Gracyn is my granddaughter who has muscular dystrophy. Gracyn is beautiful, intelligent, talented, funny and fierce. Leila was appropriately smitten with the videos of my adorable little granddaughter, as well as, the numerous pictures of the other magnificent grandchildren and the evenings activities.
Of course, the conversation led to topics concerning the sale of the book, the setting up of the special needs trust for Gracyn, creating the website for Oma Publishing and the writing and illustrating of the second book. There was a lot to get her caught up on.
I can’t remember exactly how the conversation went, but as it was winding down, Leila stated that she had never known my husband Randy but she imagined that I wished he was here to experience all of this with me.
I paused for a moment before answering Leila… “I feel that he is here. He is with me.”
For those of you who don’t know, my husband Randy passed away in 2006 from brain cancer. I have often talked to Leila about Randy and what a special man he was to me and our children. I have told her stories of his strength, his wit and his intelligence. The man was a wonderful and loving person. I miss him and always will but at the same time, I know he is here.
During the last few weeks of Randy’s life, he entered hospice care. It was much too difficult to provide the needed care for Randy in our home so we opted for a medical facility a few blocks from our house. I had my son-in-law move our recliner into Randy’s room so I could stay with him day and night. I rarely left his side as he slowly slipped away from me.
One day my Mom came in to the room. She stood at the end of his bed. I stood beside the bed. I looked down and saw that Randy’s hand was resting on his chest. I giggled because he was giving me the finger. I didn’t think he would respond but I jokingly said “Hey Randy, you’re giving my Mom the finger.” He opened his eyes, raised his head to look at my Mom, picked up his hand and with a bit of a smirk, gave my Mom a proper finger.
I could tell he was thinking... how many times do I have left to give my mother-in-law the finger? Mom and I both laughed as he rested once again.
Our oldest daughter Sara was pregnant during Randy's time of hospice. She would come visit and sit by his bed – his hand resting on her baby bump. He had told her he would live to hold his grandson. He had told me that he would beat the cancer inside his head. We were heartbroken as the cancer continued to take its toll.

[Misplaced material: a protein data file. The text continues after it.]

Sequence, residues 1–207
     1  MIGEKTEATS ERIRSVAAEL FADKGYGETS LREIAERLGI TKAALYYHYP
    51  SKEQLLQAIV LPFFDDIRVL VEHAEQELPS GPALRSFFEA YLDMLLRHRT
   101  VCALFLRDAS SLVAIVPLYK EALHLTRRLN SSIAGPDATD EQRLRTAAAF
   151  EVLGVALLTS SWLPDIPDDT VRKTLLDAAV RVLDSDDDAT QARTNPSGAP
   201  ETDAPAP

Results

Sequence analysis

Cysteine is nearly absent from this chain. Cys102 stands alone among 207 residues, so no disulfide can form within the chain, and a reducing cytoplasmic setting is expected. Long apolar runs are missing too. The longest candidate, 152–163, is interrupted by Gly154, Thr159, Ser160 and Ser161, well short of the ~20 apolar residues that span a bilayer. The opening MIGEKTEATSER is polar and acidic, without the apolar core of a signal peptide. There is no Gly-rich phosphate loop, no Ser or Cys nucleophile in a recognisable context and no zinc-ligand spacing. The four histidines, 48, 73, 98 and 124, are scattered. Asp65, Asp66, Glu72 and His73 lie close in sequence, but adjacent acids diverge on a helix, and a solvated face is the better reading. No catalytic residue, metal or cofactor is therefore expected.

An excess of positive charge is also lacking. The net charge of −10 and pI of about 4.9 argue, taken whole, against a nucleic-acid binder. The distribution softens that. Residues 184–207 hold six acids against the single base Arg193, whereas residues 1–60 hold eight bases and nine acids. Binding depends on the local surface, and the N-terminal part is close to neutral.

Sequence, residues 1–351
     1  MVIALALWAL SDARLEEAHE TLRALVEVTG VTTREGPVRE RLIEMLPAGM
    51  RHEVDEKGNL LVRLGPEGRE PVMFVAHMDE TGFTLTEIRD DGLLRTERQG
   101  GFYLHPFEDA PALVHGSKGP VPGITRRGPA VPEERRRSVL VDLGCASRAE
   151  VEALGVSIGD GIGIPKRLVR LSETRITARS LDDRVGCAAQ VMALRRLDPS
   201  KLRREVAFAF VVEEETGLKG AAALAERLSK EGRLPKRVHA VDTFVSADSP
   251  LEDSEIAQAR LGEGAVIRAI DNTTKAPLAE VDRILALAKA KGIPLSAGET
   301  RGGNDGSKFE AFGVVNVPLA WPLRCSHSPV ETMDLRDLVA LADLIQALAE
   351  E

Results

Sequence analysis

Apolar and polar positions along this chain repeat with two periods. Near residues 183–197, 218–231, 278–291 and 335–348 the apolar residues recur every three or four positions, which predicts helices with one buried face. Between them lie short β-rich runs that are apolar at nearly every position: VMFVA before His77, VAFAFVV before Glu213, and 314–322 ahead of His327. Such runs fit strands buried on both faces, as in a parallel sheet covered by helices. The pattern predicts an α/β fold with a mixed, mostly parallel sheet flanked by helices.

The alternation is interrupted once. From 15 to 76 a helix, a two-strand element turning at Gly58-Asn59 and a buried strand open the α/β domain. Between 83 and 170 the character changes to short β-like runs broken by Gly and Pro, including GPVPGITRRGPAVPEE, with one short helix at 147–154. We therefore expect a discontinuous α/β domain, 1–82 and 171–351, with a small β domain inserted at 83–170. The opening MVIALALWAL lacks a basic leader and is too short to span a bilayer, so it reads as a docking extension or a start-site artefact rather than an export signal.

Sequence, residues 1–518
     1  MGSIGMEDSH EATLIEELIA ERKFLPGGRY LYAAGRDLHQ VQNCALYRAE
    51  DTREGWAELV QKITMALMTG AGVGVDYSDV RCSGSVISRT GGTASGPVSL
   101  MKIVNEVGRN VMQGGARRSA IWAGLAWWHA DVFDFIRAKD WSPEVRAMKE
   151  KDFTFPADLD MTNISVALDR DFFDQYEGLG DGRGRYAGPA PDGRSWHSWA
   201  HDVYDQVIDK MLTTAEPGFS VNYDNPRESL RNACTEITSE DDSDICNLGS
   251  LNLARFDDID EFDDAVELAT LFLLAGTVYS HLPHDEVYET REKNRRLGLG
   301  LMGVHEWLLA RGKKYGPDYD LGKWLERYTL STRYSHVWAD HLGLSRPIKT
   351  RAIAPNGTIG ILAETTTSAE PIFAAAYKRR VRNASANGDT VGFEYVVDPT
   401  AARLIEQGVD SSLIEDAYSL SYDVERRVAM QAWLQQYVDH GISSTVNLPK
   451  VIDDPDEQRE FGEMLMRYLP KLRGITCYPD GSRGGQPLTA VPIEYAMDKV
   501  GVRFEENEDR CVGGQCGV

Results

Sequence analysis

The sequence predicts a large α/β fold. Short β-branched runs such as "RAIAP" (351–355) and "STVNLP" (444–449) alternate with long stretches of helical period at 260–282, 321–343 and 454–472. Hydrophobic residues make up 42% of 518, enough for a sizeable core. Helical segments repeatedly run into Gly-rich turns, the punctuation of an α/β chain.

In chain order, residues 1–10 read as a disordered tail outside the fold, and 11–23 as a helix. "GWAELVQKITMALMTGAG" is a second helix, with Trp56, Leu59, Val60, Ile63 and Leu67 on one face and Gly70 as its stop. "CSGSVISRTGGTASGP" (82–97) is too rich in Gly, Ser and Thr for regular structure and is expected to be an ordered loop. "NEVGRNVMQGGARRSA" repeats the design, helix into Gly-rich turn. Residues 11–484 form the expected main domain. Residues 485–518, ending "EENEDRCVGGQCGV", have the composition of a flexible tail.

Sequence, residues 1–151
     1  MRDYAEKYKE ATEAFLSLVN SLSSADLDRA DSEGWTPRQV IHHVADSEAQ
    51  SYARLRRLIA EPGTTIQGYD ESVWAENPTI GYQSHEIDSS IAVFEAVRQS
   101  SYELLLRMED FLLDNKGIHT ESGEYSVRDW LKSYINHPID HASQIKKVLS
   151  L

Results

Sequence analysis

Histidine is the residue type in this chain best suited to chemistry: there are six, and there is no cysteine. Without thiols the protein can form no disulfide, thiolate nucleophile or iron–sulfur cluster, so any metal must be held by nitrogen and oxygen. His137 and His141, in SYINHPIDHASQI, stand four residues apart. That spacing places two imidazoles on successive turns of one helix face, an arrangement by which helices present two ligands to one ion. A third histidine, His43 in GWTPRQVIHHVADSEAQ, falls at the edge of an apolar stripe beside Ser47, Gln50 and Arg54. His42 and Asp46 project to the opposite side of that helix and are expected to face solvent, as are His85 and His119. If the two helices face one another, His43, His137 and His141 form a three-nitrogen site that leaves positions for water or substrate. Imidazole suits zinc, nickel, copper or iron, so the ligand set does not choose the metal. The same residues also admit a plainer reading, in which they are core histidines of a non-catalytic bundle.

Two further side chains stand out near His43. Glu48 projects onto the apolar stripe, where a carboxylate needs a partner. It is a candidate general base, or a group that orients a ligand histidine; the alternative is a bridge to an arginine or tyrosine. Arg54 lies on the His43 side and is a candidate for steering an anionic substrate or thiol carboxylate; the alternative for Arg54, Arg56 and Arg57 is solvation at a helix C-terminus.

I prayed, I cried and I worried during those days in hospice. I told Randy over and over how much I loved him and how I knew that he would be watching over us. I pleaded with him to give me a sign so I would know that he was with me, after he was gone.
Late on January 30th, I nodded off to sleep, holding Randy’s hand through the guard rail. I awoke suddenly in the early hours of January 31st, with a warm sensation throughout my body, I couldn’t move, the warmth faded, the paralysis ended and I knew that Randy had passed on. I appreciated the warm good-bye and hoped that I would receive a sign of his presence in the future.
That was in January of 2006. Fast forward to April of 2006 and the birth of our first grandchild. Sara had wanted me in the delivery room and I was so honored to be present for the birth of dear Sam. I was so completely delighted to get to hold that precious boy just moments after his birth. As I gazed at his adorable, and oh so familiar little smirk, he laid his hand on his chest and gave me the finger. At that moment I realized that Randy was with me – with all of us. We were surrounded by the love of the most special man I have ever known.
For those who knew Randy well, you know that he could be a tad irreverent – he had a wonderfully wicked sense of humor. Sam giving me the finger, just after entering this world, was the absolute most perfect sign to show me that Randy is with me still.
December 29, 2020 You might be wondering what this has to do with reincarnation… I’m not sure, but it seems like it does. The last little irreverent joke that Randy carried out in his life, is the exact same “first” little joke performed by baby Sam. I suppose the finger could have been merely a sweet little coincidence, but it feels like more to me.
When I told my Mom what had happened, and showed her the picture, she got chills. We both got tears in our eyes – I know it’s weird… getting the finger from a newborn… but it truly meant something special to us both…
As Sam grew older, he would say things that Randy had said to me. He would do things that Randy had done. Sam is 14 now and I still witness the odd "Randy" thing from time to time. Although I can’t prove it, I feel that Randy shared an aspect of his personality and that aspect reincarnated in Sam.
At any rate, I believe in reincarnation. I don’t know exactly how it all works but I think it is possible that reincarnation manifests in a variety of ways.